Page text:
Afterwards, my class had a lively discussion about the adjunctification, militarization and corporatization of campus: a teachable moment. Students have a right to know where they are and what is happening to them.
English and the Humanities in general has long been a primary site of adjunctification. English gets the adjunct professors and the adjunct rooms. Both are maintained by acquiescence to corporatization, and enforced by the militarization of campus.
What are we to do? I don’t know; this is just a story of adjunctification, of an adjunct moment.
Note: the warning sign was determined to be a prank, and was removed.
An Adjunct by Any Other Name
Recently, the Academic Senate at Grossmont College cowered and resisted addressing the exploitation of adjuncts. Instead, they presented a plan to give adjuncts “academic ranking,” an official title of “professor”. At first, when I heard the Senate’s announcement, I thought it was a joke because adjuncts are institutionally disenfranchised, but as I read through the documents, I began to see the real significance of the Senate’s proclamation. The ranks are available to adjuncts according to seniority and other criteria as stated here. The ranks are.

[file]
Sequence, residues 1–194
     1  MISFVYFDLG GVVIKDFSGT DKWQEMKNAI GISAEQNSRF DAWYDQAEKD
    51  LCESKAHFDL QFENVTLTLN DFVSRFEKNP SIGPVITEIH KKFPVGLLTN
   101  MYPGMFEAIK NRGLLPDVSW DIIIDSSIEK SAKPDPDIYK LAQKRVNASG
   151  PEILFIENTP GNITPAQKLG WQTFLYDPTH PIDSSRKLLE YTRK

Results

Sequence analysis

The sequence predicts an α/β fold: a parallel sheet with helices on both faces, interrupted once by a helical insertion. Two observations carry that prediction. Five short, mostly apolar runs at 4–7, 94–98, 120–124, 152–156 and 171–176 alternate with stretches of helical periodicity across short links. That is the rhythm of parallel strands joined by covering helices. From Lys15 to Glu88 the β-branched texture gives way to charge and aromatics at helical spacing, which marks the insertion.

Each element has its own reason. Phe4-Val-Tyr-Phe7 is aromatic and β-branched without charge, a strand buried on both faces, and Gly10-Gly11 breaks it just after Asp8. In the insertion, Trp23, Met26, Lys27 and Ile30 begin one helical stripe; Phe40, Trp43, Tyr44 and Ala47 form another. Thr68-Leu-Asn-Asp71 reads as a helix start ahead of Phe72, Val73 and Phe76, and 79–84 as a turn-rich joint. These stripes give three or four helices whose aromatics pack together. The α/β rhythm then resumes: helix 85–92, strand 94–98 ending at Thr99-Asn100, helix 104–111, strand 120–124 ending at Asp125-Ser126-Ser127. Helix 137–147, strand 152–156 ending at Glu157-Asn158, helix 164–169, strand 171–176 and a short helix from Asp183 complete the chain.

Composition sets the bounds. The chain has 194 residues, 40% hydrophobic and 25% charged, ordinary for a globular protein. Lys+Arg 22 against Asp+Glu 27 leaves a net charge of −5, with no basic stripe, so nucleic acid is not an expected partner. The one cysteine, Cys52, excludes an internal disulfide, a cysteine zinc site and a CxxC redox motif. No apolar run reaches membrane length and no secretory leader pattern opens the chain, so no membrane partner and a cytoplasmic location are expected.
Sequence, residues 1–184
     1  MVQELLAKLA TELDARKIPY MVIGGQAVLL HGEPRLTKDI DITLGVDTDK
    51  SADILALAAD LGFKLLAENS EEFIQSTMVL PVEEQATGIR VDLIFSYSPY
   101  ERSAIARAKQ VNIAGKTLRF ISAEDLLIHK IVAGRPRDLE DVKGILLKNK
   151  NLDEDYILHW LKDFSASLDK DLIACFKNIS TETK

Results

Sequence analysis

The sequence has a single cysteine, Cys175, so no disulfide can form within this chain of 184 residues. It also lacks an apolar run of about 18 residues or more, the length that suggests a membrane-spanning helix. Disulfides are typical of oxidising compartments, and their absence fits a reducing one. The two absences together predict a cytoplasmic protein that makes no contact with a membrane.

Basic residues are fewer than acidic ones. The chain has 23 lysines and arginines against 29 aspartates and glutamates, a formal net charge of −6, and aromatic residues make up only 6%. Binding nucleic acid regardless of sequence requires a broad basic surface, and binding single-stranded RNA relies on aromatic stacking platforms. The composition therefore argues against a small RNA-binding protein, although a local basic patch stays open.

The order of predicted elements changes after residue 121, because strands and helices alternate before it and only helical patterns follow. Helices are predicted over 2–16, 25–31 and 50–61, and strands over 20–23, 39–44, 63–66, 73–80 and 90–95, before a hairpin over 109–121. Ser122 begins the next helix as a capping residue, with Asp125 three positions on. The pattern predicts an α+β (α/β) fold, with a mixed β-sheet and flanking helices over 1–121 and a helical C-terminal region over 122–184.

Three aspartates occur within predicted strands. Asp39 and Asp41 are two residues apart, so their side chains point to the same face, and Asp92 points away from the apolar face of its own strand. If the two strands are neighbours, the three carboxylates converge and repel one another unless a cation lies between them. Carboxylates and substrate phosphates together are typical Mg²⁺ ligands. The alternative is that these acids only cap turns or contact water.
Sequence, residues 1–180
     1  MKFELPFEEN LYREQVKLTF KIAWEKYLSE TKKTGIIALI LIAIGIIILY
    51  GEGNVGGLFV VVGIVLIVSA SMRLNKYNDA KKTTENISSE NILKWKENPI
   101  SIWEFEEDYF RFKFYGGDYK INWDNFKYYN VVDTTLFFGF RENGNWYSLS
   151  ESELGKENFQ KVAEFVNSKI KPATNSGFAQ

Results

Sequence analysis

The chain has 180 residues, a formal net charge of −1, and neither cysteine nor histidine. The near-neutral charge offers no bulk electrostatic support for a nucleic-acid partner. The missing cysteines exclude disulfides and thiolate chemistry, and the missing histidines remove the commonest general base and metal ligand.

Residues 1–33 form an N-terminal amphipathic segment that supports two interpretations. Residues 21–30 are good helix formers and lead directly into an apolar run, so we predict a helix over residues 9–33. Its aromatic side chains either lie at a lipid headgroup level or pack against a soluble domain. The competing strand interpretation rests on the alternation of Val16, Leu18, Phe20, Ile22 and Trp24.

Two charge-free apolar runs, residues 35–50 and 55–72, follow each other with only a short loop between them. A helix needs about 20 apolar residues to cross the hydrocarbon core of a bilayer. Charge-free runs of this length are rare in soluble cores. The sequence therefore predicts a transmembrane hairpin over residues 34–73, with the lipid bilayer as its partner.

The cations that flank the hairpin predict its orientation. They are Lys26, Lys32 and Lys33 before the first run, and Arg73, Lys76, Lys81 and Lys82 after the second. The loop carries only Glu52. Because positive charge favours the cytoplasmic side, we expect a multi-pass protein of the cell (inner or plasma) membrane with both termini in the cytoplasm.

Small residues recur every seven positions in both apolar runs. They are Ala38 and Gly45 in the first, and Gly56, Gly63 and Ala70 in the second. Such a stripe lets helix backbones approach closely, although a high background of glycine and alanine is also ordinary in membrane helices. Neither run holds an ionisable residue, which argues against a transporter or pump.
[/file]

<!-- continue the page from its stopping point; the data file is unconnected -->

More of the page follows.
A. Adjunct Professor: Twenty semesters and 2 criteria from a list. (here)
B. Adjunct Associate Professor: Twelve semesters and 1 criterion
C. Adjunct Assistant Professor: Eight semesters and 1 criterion
These three ranks are new, but there is a forth rank that exists which is not certified and technically not a rank but should be on the list of statuses.
D. Adjunct Faculty
The Academic Senate states that, “Each person who is awarded academic rank will be accorded the benefits and recognition of rank. A Certificate of Rank, signed by the President of Grossmont College, the President of the Academic Senate and the Chancellor, will be presented to the Adjunct faculty member.”